PharmaSecure’s CO, Nathan Sigworth, says the response rate on its verification labels is just a few percent in India and Nigeria. Sproxil’s rates vary between 10 and 30 percent – mostly because they cover more chronic diseases and use number-only codes which are easier to type on basic phones than PharmaSecure’s alphanumeric codes. However, Sigworth sees great growth potential in Nigeria and India. PharmaSecure has already followed in Sproxil’s footsteps in sending patients personalised medical advice. “We began in anti-counterfeiting and realized the service opens a world of possibilities,” Sigworth says. “At the moment we are the only firm verifying the authenticity of agricultural products. Farmers in Africa could increase their yields 10-fold by buying hybrid seeds. However, 30% of hybrid seeds are fakes that fail to germinate. The risk of buying counterfeits keeps farmers from investing in products that could lift them out of poverty,” Sigworth explains. That’s another area in which counterfeits kill.

14.  Fake drugs that contain small amounts of active ingredient …

A.     are most dangerous because they kill quickly
B.     are more likely to cure the disease in question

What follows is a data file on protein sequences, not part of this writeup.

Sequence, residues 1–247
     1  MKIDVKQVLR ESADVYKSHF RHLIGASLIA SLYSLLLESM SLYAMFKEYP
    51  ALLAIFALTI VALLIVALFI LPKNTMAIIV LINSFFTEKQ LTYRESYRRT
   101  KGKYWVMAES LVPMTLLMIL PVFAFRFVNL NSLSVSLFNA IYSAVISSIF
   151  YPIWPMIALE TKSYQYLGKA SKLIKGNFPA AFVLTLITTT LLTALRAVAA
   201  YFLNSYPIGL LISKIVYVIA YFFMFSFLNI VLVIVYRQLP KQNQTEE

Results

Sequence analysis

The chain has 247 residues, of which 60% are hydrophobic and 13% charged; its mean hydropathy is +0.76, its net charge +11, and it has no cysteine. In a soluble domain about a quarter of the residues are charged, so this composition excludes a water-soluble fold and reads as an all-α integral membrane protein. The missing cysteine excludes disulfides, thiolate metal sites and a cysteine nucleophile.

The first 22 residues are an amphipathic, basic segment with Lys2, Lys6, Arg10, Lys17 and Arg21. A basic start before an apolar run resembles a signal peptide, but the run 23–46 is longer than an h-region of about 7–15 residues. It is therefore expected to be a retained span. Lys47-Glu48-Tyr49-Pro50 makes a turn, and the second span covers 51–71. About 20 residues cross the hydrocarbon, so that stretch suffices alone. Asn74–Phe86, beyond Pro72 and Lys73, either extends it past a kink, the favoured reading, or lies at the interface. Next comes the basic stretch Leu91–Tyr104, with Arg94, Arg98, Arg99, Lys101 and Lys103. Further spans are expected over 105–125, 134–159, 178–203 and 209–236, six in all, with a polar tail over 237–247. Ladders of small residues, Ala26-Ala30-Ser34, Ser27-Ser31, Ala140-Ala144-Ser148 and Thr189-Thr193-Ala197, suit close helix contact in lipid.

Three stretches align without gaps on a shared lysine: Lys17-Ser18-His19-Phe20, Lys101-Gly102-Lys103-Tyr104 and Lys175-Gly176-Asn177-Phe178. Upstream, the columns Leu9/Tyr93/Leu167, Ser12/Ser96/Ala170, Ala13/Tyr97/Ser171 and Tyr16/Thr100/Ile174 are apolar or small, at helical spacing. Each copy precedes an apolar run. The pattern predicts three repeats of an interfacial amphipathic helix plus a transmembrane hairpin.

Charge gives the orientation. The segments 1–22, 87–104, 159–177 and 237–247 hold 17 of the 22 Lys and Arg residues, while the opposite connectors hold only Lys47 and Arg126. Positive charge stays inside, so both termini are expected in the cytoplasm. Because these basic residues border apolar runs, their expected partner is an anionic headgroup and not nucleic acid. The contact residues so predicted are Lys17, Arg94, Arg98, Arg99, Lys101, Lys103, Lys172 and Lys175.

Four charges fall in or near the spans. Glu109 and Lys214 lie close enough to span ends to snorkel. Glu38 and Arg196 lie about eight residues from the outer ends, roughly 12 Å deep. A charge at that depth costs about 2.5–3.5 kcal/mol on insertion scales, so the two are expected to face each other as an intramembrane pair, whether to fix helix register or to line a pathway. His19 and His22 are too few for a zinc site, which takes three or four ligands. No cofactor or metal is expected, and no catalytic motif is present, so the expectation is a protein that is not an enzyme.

C.     damage patients’ ability to react to real drugs
D.     have a neutral influence on patients’ organisms

15.  In Western Kenya, fake malaria drugs were hard to recognize because …

A.     they provoked the onset of another illness
B.     they actually helped some malaria patients 
C.     they were given to wrongly diagnosed patients
D.     they were effective against other kinds of fever

16.  Judging from the context, the word “conversely” in paragraph two means …

A.     on the other hand
B.     consequently
C.     at any rate
D.     similarly

17.  BRAC and Living Goods managed to  …

A.     introduce effective anti-counterfeit laws
B.     eliminate fake medicines from pharmacies
C.     give clients a chance to see the real drugs’ effect
D.     do away with direct sales of counterfeit medicines

18.  Gogo’s first attempt to introduce his solution failed because it was …

A.     criticised for being untrustworthy
B.     launched in the wrong market
C.     denied government subsidies
D.     rejected by certified pharmacies

19.  The problem with mobile verification system in India is that …

A.     counterfeiters are starting to use free verification
B.     legal regulations make free verification impossible
C.     phone companies secretly co-operate with counterfeiters
D.     too few clients have phones to check drug authenticity

20.  In contrast to Sproxil, PharmaSecure does not offer …

A.     specialized medicines for chronic diseases
B.     a user friendly mobile-verification system
C.     mobile verification of agricultural goods
D.     a customized medical-guidance service

Test answer key:

1 C      2 B      3 A      4 B      5 C      6 C      7 B       8 A     9 B      10 C      11 A      12 B      13 B      14 C      15 C        16 A      17 C      18 B      19 B      20 B